The test results indicate that the SMS fabric laminate made in accordance with the present invention has superior strike through characteristics especially for short elapsed times. Short elapsed times represent the situations that are most often encountered in medical use where blood generally will not remain for long on the drape or gown before it can run off.
The filter properties were measured to determine the ability of the SMS fabric laminate to block the penetration of air born bacteria. The samples were tested in accordance with Mil. Spec. 36954-C 188.8.131.52.1 and 184.108.40.206.
The 3.5% increase in efficiency within the plus 90% range represents a significant improvement in filtration and the ability to preclude the passage of air born bacteria.
|Patente citada||Fecha de presentación||Fecha de publicación||Solicitante||Título|
|US3338992 *||21 Dic 1965||29 Ago 1967||Du Pont||Process for forming non-woven filamentary structures from fiber-forming synthetic organic polymers|
|US3502538 *||14 Jun 1968||24 Mar 1970||Du Pont||Bonded nonwoven sheets with a defined distribution of bond strengths|
|US3502763 *||27 Ene 1964||24 Mar 1970||Freudenberg Carl Kg||Process of producing non-woven fabric fleece|
|US3542615 *||16 Jun 1967||24 Nov 1970||Monsanto Co||Process for producing a nylon non-woven fabric|
|US3562804 *||19 Ago 1968||9 Feb 1971||Exxon Research Engineering Co||Low bulk viscosity mastic compositions and process for preparing same|
|US3692618 *||9 Oct 1969||19 Sep 1972||Metallgesellschaft Ag||Continuous filament nonwoven web|
|US3841953 *||3 Mar 1972||15 Oct 1974||Exxon Research Engineering Co||Nonwoven mats of thermoplastic blends by melt blowing|
|US3849241 *||22 Feb 1972||19 Nov 1974||Exxon Research Engineering Co||Non-woven mats by melt blowing|
|US3862265 *||3 Abr 1972||21 Ene 1975||Exxon Research Engineering Co||Polymers with improved properties and process therefor|
|US3909009 *||28 Ene 1974||30 Sep 1975||Astatic Corp||Tone arm and phonograph pickup assemblies|
|US3953655 *||10 Jul 1974||27 Abr 1976||Exxon Research And Engineering Company||Polymers with improved properties and process therefor|
|US3981957 *||6 Ago 1975||21 Sep 1976||Exxon Research And Engineering Company||Process for preparing finely divided polymers|
|US4001172 *||10 Jul 1974||4 Ene 1977||Exxon Research And Engineering Company||Polymers with improved properties and process therefor|
|US4041203 *||4 Oct 1976||9 Ago 1977||Kimberly-Clark Corporation||Nonwoven thermoplastic fabric|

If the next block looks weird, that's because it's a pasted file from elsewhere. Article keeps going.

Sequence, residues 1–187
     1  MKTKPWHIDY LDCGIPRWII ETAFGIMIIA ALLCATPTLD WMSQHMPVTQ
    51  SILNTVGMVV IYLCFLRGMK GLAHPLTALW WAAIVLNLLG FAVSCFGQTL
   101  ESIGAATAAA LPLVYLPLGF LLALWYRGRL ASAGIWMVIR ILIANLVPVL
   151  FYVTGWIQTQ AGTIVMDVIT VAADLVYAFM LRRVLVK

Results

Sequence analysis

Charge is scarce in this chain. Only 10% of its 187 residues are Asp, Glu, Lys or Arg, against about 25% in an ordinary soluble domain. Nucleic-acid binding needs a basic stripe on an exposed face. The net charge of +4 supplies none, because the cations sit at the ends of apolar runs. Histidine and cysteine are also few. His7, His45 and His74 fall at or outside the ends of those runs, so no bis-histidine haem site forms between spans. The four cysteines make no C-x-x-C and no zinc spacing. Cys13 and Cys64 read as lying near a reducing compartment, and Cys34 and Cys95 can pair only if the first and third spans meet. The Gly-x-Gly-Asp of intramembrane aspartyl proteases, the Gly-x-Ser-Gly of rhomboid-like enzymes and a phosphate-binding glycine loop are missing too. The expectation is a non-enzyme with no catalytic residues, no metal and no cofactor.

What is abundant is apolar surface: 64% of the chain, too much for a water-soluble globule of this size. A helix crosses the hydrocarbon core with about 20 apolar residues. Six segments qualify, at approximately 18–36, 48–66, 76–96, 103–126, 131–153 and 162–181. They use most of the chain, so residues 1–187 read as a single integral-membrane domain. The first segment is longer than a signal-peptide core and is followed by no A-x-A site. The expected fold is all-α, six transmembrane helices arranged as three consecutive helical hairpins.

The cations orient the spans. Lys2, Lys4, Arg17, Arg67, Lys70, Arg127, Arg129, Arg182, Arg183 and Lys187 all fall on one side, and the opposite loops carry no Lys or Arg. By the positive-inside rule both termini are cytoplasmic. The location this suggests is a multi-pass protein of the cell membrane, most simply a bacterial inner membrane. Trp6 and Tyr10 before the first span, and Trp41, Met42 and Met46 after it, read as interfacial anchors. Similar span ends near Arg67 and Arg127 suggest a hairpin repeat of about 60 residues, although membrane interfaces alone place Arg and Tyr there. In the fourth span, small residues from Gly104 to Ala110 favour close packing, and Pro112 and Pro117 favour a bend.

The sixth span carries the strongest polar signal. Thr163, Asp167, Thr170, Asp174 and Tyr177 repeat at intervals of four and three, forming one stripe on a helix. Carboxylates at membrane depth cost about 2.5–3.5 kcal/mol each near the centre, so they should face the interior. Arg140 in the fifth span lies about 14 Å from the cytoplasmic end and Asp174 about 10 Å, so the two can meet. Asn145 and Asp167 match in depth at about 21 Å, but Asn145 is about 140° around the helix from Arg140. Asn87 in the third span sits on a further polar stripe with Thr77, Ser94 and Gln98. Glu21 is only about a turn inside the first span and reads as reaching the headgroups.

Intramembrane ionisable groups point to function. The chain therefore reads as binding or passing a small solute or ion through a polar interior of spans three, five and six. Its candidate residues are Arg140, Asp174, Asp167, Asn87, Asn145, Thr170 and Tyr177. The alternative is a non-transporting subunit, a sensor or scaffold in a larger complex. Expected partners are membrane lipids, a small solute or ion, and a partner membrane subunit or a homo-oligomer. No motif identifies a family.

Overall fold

|US4301029 *||10 Ene 1980||17 Nov 1981||Imperial Chemical Industries Limited||Olefin polymerization catalyst and the production and use thereof|
|US4307143 *||21 Jul 1980||22 Dic 1981||Kimberly-Clark Corporation||Microfiber oil and water pipe|
|US4329252 *||10 Ene 1980||11 May 1982||Imperial Chemical Industries Limited||Olefine polymerization catalyst and the production and use thereof|
|US4340563 *||5 May 1980||20 Jul 1982||Kimberly-Clark Corporation||Method for forming nonwoven webs|
|US4374888 *||25 Sep 1981||22 Feb 1983||Kimberly-Clark Corporation||Nonwoven laminate for recreation fabric|
|US4410649 *||31 Mar 1982||18 Oct 1983||Union Carbide Corporation||Ethylene polymer compositions having improved transparency|
|US4412025 *||8 Oct 1981||25 Oct 1983||Union Carbide Corporation||Anti-block compounds for extrusion of transition metal catalyzed resins|
|US4424138 *||11 Mar 1981||3 Ene 1984||Imperial Chemical Industries Plc||Drying process and product|
|US4443513 *||24 Feb 1982||17 Abr 1984||Kimberly-Clark Corporation||Soft thermoplastic fiber webs and method of making|
|US4451589 *||7 Mar 1983||29 May 1984||Kimberly-Clark Corporation||Method of improving processability of polymers and resulting polymer compositions|
|US4508859 *||22 Dic 1982||2 Abr 1985||Exxon Research & Engineering Co.||Finishing of rotational molding grade resin|
|US4760113 *||17 Dic 1986||26 Jul 1988||Chisso Corporation||Process for continuously producing a high-melt viscoelastic ethylene-propylene copolymer|
|US4780438 *||1 Abr 1987||25 Oct 1988||Neste Oy||Catalyst component for alpha olefine-polymerizing catalysts and procedure for manufacturing the same|
|US4804577 *||27 Ene 1987||14 Feb 1989||Exxon Chemical Patents Inc.||Melt blown nonwoven web from fiber comprising an elastomer|
|US4818799 *||13 Nov 1987||4 Abr 1989||Shell Oil Company||Process for the in-reactor stabilization of polyolefins|
|US4824885 *||6 Jul 1987||25 Abr 1989||Enichem Sintesi S.P.A.||Process of (co) polymerization of alpha-olefins in the presence of antioxidants|
|US4892852 *||13 Abr 1988||9 Ene 1990||Imperial Chemical Industries Plc||Transition metal composition|
|US4895897 *||13 Mar 1989||23 Ene 1990||Exxon Chemical Patents Inc.||Aromatic carbonate compositions modified with oxazoline functionalized polystyrene reacted with an ethylene elastomer containing reactive polar groups|
|US4921920 *||3 Nov 1987||1 May 1990||Bp Chemicals Limited||Process for the polymerization or copolymerization of alpha-olefins in a fluidized bed, in the presence of a Ziegler-Natta catalyst system|